A creative approach to problem solving will be essential if B2B marketers are going to fight back from the damaging effects of the pandemic and build strong brands in 2021
Creativity needs to be clarified. It is not just about the artistic. Creativity is a strategy for solving problems. As such, it must become an essential resource for B2B marketers as they take on 2021. Whether it’s tackling the growing challenge of doing more with less or growing brand awareness in the grips of a recession, creativity holds the key.
Creativity in marketing is often misconceived as purely the end output in a campaign. Whilst the ultimate expression is an important element such a perception of creativity is limiting. Instead, I would make the case that creativity is an approach that should be ubiquitous in all aspects of marketing (and beyond).
So, what is creativity? At a fundamental level, I would argue that creativity is a process of drawing on an (often disparate) range of experiences and observations to achieve a particular purpose or to solve a problem. It is about understanding what works in one environment, reconfiguring it and applying it to a new set of circumstances.
The problems B2B marketers face
This action of thinking laterally to solve problems is going to be paramount for B2B marketers as they front up to an uncertain year ahead. According to 600 UK&I based senior B2B marketing leaders that we recently surveyed
, the overriding pressure will be to achieve more with less. Not only did 71% report this mandate from the business but 53% have suffered budget cuts and 43% experienced headcount reduction
. Compounding this squeeze is a feeling of job insecurity with 40% telling us they feel less safe in their role than versus six months ago. B2B marketers are feeling the heat.
Despite this adversity, B2B marketers are resolute that 2021 must be a year where brand is wrestled back on to the agenda. Growing brand awareness and share of voice is the #1 priority in 2021 (43%).
Doing more with less
Paradoxically, it may well be that a squeeze on resources is the catalyst for creativity that B2B marketing needs. There is a school of thought that healthy budgets stifle creativity
as they encourage complacency and adherence to the status-quo. Asking marketers to do more with less disrupts this inertia by presenting a problem that has to be solved.
Through the process of lateral thinking, B2B marketers can seize this moment to innovate.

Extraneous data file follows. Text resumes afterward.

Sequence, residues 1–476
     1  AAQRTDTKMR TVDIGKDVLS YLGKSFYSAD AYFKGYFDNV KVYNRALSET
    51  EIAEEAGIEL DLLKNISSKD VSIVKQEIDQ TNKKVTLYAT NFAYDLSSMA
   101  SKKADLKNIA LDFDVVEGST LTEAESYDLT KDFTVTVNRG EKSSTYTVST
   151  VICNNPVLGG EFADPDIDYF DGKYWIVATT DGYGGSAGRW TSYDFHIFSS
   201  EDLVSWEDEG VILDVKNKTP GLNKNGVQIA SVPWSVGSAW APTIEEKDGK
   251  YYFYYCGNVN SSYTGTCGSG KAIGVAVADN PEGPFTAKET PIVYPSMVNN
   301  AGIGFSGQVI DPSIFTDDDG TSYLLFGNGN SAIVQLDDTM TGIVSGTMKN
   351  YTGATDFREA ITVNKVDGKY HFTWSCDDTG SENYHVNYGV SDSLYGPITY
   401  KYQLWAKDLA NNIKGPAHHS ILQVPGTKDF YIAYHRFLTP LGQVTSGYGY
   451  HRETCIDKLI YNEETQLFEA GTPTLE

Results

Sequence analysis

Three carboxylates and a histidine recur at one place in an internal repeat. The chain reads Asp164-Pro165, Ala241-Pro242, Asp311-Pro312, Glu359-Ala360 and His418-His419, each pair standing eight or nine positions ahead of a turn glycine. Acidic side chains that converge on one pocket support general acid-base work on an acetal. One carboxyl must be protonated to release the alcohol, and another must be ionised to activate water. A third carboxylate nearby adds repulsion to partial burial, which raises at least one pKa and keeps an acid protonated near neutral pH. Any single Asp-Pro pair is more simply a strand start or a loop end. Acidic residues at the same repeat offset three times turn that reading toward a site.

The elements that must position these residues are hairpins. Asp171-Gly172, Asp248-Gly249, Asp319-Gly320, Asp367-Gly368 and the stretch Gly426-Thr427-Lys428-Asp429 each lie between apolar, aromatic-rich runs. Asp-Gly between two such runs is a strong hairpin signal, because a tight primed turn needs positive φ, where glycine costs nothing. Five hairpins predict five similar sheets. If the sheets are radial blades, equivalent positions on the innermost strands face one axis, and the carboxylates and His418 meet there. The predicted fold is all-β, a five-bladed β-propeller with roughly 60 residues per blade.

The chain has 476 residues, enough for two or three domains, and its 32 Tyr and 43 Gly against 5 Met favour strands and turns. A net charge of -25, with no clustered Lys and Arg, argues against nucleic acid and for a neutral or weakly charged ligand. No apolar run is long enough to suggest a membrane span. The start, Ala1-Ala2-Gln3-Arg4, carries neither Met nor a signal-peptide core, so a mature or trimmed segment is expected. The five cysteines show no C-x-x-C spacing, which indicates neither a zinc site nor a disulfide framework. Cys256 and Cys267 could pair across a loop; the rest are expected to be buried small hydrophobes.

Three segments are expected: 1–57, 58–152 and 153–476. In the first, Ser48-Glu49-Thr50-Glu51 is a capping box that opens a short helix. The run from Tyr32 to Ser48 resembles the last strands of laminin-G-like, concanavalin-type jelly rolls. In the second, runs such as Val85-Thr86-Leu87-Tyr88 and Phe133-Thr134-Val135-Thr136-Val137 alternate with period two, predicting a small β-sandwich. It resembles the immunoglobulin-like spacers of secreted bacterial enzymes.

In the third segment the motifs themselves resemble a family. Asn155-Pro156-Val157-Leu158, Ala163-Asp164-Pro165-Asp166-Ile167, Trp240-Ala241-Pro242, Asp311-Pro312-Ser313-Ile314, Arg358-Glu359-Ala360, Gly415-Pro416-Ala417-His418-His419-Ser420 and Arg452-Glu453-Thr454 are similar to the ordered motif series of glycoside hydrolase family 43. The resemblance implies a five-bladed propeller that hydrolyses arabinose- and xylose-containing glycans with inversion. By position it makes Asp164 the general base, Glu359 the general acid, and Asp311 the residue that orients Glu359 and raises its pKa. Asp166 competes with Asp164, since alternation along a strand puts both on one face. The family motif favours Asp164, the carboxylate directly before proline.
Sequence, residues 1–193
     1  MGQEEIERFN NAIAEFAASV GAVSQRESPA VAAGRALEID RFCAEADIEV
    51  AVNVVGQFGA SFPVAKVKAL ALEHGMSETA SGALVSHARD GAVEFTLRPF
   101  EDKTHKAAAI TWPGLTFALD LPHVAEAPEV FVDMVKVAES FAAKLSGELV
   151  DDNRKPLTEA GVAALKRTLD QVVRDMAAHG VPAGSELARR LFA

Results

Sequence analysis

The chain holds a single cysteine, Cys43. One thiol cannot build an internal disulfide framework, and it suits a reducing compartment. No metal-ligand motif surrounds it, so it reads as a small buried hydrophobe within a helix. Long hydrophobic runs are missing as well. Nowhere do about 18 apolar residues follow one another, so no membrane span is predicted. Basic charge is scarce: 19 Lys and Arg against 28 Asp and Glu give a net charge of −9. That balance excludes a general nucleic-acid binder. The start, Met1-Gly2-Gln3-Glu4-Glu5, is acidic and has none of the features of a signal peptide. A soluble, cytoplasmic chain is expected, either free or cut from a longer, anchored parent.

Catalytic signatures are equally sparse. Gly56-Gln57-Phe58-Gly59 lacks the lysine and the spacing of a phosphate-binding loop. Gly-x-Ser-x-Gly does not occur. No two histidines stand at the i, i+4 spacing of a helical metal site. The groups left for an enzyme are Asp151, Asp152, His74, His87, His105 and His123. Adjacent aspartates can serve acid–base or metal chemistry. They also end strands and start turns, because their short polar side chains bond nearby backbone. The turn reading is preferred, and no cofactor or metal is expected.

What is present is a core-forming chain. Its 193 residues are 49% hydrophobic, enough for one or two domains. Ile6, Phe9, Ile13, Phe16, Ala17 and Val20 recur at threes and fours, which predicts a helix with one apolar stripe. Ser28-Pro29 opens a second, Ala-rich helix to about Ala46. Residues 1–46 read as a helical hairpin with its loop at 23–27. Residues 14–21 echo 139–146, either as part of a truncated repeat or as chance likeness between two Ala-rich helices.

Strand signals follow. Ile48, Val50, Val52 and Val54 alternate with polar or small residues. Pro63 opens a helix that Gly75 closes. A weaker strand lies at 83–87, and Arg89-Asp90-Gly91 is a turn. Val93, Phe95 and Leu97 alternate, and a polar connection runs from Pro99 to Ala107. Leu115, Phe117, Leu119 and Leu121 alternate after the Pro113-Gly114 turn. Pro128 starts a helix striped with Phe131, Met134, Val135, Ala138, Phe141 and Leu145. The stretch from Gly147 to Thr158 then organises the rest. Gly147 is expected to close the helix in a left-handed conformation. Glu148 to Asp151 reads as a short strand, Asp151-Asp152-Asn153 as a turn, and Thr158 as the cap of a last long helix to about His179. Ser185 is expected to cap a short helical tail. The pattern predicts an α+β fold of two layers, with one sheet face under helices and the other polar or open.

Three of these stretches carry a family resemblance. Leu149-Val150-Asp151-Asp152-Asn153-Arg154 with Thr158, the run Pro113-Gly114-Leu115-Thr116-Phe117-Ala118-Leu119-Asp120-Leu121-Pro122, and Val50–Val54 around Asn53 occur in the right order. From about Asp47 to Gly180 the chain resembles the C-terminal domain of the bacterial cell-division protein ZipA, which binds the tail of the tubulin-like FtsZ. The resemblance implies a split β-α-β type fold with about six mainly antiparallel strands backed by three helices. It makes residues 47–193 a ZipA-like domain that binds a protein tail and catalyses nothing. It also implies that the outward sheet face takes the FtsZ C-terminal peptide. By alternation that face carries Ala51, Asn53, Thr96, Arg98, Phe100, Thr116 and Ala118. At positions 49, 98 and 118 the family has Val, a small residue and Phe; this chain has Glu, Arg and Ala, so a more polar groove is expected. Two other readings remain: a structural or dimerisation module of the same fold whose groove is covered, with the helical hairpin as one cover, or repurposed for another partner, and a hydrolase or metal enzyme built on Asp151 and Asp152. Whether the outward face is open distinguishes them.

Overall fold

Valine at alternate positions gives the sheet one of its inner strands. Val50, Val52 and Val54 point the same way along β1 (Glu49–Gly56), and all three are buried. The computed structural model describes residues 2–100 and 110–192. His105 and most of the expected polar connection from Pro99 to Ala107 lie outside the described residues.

All good in theory but what does this look like in practice? Let’s take the goal of building an audience. Over 1 in 3 B2B marketing leaders we spoke to identified this as a key priority for 2021. However, with less budget and the content team furloughed (or redundant), this aspiration may be reduced to a pipe dream. It doesn’t need to be.
For instance, in this situation marketers could observe, reconfigure and apply the decentralised ‘contributed content’ model
that many publishers like Forbes now use. To make this work, a single marketer would take on the role of commissioning editor. They would then set the overarching editorial agenda, identify subject matter experts in the business and commission the relevant colleagues. The contributors can then even be harnessed to promote the content through their networks!
In this example, lateral thinking is being used to solve an operational problem. However, I am a firm believer that it also has equal application to the more traditional ‘creative’ dimensions of marketing.
Creativity in brand building
However, as has been demonstrated, it is those brands that achieve salience that get the greatest reward
. The challenge with salience is that it requires emotional engagement, something that traditionally ‘rational-centric’ B2B brands struggle with. This is where lateral thinking comes into play.
The starting point is for B2B marketers to see their audience in a wider context.
They need to look beyond simply their job role to appreciate what energises, delights, and fascinates them as people. Through a process of deconstructing to understand why it resonates with them, it becomes possible to identify how it can be reconfigured and applied to the shared context.
Straying into such uncharted ‘B2C’ territory may be anathema to many B2B marketers. Although, with 1 in 3 we spoke to seeing the pandemic as a catalyst for taking risks and being more daring with creative and campaigns, the moment could be now.
Assembling a creative dream team
Devising creative solutions in a time where marketers are already stretched thin may seem a daunting prospect. However, creativity should be considered a team sport. The best outcomes are when there are a range of experiences and observations to draw on. To this effect, marketers must look outside the department for inspiration, actively seeking out those with different backgrounds and ways of thinking. And, with over 1 in 2 B2B marketers prizing creativity from agencies, it’s time to push agencies to start bringing ideas to the table.